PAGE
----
A new poem by Whanganui poet Airini Beautrais.
We’ll rent a holiday home at the beach
with all of our children, seven to twenty-seven
and everyone will feel enthusiastic.
We’ll take towels and sunblock,
food and other necessities:
board games, insect repellent,
beer, a pop-up tent, a swingball set.
My children will listen to, and follow, instructions.
Yours will all feel like talking.
We’ll sit around the table at mealtimes
telling clean jokes. And in the evening,
hair wet from swimming, some of us
will hit that ball around that post
with rackets of moulded plastic.
The fuzzy rubber flies around, the game is a fine balance
between co operation and competition,
no one wants the string to go limp
and tangle up in the coil of wire
so that we have to untangle it while swearing.
It’s all about keeping momentum, like learning
to ride a unicycle. There’s laughter,
semi-rhythmic thwacks, sand thrown by feet.
There’s a golden light over everything,
not because we’ve gone back in time
to the nineteen-seventies, but because the sun
is glaring from between layers of stormcloud,
which could mean it will rain tomorrow,
but that’s okay because I brought my handmade set
of anarchist monopoly. The aim of the game:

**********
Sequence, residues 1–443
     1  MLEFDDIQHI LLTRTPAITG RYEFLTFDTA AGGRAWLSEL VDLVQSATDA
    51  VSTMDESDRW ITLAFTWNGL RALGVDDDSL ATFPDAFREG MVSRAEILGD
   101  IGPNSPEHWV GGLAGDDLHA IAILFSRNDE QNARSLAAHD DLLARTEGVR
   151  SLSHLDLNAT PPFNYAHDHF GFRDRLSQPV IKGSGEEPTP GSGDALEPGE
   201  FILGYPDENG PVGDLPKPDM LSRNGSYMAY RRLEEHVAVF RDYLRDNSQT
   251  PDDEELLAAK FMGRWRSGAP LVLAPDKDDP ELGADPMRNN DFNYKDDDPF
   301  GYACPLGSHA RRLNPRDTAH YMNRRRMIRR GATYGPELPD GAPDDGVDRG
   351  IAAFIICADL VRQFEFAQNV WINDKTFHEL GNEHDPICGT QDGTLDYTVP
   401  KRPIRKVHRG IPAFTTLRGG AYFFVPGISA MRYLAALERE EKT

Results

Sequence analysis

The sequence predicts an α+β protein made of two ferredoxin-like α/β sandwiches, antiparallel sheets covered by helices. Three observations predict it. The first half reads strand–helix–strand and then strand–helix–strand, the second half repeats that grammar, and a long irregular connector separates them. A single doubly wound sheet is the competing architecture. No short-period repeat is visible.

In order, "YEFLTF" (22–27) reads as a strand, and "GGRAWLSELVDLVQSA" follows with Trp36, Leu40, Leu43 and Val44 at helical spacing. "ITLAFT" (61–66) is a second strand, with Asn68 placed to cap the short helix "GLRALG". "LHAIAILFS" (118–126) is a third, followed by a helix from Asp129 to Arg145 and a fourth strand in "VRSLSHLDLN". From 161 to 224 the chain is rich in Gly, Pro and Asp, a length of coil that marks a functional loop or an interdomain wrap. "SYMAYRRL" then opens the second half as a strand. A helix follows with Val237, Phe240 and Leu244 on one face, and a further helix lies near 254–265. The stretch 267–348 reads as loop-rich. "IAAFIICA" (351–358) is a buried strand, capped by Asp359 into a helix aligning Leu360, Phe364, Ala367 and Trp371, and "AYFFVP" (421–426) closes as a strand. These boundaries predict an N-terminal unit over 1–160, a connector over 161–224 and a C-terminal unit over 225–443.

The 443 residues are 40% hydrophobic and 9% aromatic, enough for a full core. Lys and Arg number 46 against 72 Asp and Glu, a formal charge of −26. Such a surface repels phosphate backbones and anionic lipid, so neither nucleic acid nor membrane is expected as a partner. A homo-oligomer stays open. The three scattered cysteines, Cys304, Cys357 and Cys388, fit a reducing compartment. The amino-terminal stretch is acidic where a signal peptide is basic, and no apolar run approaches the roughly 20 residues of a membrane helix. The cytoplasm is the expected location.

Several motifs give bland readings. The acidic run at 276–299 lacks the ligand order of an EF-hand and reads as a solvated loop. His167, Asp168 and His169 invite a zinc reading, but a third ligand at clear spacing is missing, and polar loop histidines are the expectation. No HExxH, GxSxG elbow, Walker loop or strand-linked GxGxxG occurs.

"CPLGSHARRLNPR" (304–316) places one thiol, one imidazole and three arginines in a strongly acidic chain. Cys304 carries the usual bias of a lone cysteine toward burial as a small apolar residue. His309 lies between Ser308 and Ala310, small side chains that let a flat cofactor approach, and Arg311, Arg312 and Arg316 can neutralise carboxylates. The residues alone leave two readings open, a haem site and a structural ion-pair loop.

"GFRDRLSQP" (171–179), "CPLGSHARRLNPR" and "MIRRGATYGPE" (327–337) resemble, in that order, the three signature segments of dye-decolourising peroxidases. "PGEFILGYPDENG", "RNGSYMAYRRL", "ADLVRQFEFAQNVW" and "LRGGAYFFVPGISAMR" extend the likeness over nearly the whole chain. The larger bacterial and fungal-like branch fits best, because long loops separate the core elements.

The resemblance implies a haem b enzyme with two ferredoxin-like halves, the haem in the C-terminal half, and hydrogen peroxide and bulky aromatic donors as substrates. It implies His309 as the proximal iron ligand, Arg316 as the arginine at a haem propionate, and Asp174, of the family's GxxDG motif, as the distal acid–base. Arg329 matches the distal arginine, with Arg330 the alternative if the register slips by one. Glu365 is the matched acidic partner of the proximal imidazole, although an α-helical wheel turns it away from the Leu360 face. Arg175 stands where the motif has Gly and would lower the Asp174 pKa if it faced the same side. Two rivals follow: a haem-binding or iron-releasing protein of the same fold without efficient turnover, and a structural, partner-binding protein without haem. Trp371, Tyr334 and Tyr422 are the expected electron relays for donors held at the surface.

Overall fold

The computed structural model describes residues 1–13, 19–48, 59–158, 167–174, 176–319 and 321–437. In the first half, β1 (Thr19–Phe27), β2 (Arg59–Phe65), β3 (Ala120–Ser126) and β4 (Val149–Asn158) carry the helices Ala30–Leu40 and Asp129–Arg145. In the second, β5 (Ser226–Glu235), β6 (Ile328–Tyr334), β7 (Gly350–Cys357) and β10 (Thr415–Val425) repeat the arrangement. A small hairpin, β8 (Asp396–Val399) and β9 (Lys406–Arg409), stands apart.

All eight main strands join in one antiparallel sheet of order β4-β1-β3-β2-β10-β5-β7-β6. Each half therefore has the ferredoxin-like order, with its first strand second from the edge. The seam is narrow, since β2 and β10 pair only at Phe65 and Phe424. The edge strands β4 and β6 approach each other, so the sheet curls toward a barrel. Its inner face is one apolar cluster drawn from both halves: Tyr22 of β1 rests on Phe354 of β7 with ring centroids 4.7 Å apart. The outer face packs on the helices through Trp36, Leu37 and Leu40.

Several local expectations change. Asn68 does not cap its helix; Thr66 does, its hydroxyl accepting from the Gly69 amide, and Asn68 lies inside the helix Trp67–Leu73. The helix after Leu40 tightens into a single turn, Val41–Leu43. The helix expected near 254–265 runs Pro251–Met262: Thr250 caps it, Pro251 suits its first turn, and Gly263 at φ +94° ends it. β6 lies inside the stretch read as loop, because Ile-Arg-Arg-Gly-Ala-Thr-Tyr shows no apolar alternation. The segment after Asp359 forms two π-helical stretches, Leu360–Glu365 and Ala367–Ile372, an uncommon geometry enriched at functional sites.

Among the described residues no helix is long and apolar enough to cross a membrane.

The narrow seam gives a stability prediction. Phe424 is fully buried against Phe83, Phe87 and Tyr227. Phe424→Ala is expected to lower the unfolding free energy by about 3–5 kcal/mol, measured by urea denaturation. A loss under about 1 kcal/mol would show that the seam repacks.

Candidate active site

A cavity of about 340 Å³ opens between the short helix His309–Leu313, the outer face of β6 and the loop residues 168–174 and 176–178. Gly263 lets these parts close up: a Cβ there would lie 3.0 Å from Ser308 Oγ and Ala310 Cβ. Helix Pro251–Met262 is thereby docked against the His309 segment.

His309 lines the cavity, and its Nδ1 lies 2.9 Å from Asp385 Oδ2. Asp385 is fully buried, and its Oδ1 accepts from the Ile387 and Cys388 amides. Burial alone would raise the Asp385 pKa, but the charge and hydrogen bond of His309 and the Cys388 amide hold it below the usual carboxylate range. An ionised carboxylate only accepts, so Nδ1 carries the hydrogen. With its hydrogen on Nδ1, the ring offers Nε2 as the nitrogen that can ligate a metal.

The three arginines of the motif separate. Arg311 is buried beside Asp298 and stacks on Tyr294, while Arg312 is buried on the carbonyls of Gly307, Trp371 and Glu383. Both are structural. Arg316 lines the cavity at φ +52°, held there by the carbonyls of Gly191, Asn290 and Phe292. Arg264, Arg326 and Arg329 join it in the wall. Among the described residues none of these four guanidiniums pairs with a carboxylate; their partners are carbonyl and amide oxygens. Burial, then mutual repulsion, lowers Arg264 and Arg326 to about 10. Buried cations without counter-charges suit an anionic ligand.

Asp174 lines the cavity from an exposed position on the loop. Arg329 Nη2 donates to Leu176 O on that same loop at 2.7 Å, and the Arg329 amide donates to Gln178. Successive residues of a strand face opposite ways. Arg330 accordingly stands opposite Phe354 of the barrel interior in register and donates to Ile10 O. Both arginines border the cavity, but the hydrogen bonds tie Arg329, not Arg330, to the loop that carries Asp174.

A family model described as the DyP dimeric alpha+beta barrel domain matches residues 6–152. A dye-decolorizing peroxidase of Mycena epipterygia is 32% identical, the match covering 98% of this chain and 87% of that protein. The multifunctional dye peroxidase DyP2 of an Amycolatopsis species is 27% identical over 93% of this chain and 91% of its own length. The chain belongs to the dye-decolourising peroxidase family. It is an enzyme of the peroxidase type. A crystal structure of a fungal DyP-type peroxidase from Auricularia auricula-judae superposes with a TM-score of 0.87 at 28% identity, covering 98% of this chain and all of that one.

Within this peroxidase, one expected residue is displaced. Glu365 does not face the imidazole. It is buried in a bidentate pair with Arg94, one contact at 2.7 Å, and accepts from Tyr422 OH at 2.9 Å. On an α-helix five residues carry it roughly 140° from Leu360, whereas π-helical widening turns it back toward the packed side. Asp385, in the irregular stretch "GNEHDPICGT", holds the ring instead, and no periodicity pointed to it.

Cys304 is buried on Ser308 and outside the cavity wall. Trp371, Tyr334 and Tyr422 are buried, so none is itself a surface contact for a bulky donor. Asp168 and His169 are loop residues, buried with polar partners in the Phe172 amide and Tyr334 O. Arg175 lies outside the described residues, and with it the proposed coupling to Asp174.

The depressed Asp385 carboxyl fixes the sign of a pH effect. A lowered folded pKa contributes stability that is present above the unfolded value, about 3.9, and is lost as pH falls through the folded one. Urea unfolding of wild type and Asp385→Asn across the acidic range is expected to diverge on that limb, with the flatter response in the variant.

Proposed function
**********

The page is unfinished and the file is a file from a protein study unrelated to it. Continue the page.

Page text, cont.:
to collectivise all the property
and convert the board into a community garden.
No one gets bankrupted and has a tantrum
or hides the dice under their butt, everyone
wants to make this work, and it will
if we all pull together, folks.
This won’t be a long weekend to remember,
it will be a blur, melded with all the others,
and when we look back at the albums,
we won’t recall which swingball episode it was.
Did I hear you say beach cricket? Are you with me?
We’ll sit and drink companionably on the porch.
At least be with me on the fish and chips,
be with me on the swingball,
The dip and lift, the returning motion, the full-circle.
No one can play a thing like that single-handed.
The Friday Poem is edited by Ashleigh Young. Submissions are welcome at email@example.com
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